Missing Chinese billionaire Xiao Jianhua was cited by mainland state media on Tuesday as saying he hadn’t been abducted from Hong Kong by Chinese agents as some media had reported, but was receiving medical attention abroad.
Xiao was last seen in Hong Kong on Friday when some overseas Chinese news outlets reported he was taken by Chinese agents from the luxury Four Seasons hotel.
Chinese news portal Cankao, published by the official Xinhua news agency, cited Xiao’s Beijing-based Tomorrow Group as saying in a statement on its verified WeChat account that the billionaire had “not been abducted” and had not been taken to mainland China.
It added he was “currently abroad being medically treated.”
The statement, dated Tuesday, was no longer available on the WeChat account when Reuters tried to verify it.
It did not disclose where Xiao was, nor where he was receiving treatment. The statement also cited Xiao, who is in his mid-40s, as saying that he was a Canadian citizen, a Hong Kong resident and holds a diplomatic passport.
A spokesman for Canadian Foreign Affairs Minister Chrystia Freeland said Canada was aware of the reports and consular officials were in contact with authorities to gather additional information and provide assistance. Further details cannot be released for privacy reasons, said spokesman Joseph Pickerill.
When contacted about Xiao‘s case, the Hong Kong police said a report had been filed on Jan. 28, an investigation was opened into the matter and Chinese authorities had been approached to ascertain his “situation in mainland China.”
The police did not identify Xiao by name, but said “family members” requested the case be closed a day later. Police will continue to investigate.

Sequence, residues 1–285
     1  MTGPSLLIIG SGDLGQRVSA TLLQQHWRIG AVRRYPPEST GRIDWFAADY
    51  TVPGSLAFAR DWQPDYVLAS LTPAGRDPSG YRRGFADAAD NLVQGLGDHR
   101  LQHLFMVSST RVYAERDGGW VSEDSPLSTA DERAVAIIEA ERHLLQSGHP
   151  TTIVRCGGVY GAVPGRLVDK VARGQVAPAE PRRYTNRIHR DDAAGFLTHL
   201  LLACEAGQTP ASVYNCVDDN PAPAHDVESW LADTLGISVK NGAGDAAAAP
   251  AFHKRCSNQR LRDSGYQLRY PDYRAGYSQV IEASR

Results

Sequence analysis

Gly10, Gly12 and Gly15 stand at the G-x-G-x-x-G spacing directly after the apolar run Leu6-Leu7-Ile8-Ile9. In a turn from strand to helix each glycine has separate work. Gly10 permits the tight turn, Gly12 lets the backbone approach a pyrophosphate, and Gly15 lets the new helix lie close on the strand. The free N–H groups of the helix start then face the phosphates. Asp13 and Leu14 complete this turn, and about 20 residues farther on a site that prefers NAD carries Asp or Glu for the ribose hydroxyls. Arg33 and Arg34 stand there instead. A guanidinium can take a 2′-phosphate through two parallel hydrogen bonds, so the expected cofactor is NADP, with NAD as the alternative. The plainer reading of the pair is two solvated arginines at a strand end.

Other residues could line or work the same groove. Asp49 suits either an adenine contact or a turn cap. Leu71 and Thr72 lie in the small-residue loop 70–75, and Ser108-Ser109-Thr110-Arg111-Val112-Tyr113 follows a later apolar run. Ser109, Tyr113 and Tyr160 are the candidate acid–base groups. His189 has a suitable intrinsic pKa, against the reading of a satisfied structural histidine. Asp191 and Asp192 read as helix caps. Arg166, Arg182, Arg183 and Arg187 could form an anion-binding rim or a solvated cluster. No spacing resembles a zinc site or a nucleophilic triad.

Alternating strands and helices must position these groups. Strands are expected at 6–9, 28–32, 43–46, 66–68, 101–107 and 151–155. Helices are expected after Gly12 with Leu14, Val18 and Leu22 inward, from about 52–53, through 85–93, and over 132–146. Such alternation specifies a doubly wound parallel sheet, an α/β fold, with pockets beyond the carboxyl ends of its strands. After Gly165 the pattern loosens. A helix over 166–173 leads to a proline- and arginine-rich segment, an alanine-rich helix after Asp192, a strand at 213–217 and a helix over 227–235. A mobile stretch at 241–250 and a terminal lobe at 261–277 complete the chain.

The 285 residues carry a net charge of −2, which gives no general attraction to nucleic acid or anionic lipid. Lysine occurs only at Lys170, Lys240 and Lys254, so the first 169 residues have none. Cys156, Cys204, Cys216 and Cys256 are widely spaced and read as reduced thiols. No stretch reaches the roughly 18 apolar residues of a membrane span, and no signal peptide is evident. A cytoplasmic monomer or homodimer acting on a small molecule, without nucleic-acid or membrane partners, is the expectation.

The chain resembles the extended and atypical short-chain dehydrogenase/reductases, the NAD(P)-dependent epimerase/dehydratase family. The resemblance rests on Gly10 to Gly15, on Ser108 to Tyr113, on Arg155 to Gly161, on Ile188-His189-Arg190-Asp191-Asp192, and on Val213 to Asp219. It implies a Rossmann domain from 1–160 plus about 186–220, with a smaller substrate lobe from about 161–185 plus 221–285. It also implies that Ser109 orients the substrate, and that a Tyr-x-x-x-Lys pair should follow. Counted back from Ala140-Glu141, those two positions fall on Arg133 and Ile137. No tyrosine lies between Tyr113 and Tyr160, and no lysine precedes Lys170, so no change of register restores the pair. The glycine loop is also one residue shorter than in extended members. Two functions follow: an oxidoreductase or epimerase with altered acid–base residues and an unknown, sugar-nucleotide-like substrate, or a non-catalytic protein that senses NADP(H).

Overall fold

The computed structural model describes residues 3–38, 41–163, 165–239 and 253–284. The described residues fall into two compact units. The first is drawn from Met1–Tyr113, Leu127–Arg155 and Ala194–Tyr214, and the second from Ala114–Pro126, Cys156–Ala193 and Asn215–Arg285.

Xiao, who runs financial group Tomorrow Holdings, is ranked 32nd on the 2016 Hurun China rich list, China’s equivalent of the Forbes list, with a net worth of US$5.97 billion.
While Xiao‘s circumstances remain unclear, some media outlets have drawn parallels with the disappearance of five Hong Kong-based publishers who had released books critical of China’s leaders.
Calls to the Ministry of Public Security in Beijing went unanswered with China in the middle of the week-long Lunar New Year holiday.
It was not immediately clear how Xiao had left Hong Kong. Hong Kong’s Security Bureau said in a statement to Reuters police were investigating.
On Tuesday, Hong Kong’s Apple Daily said Tuesday that Xiao had been taken over the border between Hong Kong and mainland China with his wife, who then returned and reported the case to police and media. She then said Xiao had contacted her and did not want to exaggerate the incident, according to the report.
The reports add to fears that Chinese authorities are increasingly interfering in semi-autonomous Hong Kong. It is against Hong Kong’s constitution for mainland agents to operate in the territory.
But after the disappearance of five individuals in the publishing industry in 2015, there were widespread accusations those restrictions had been breached as one of the men, Lee Bo, went missing from Hong Kong. All five were involved in publishing salacious titles about the Chinese leadership and they reappeared on the mainland.
Xiao is reported to have come to Hong Kong in 2014, two years after Chinese President Xi Jinping started a much-publicised anti-corruption drive. He has denied that he was ever the target of an investigation.
Chinese-language news site Boxun said Xiao had been tipped off that a special investigative unit was about to abduct him when he was still in mainland China.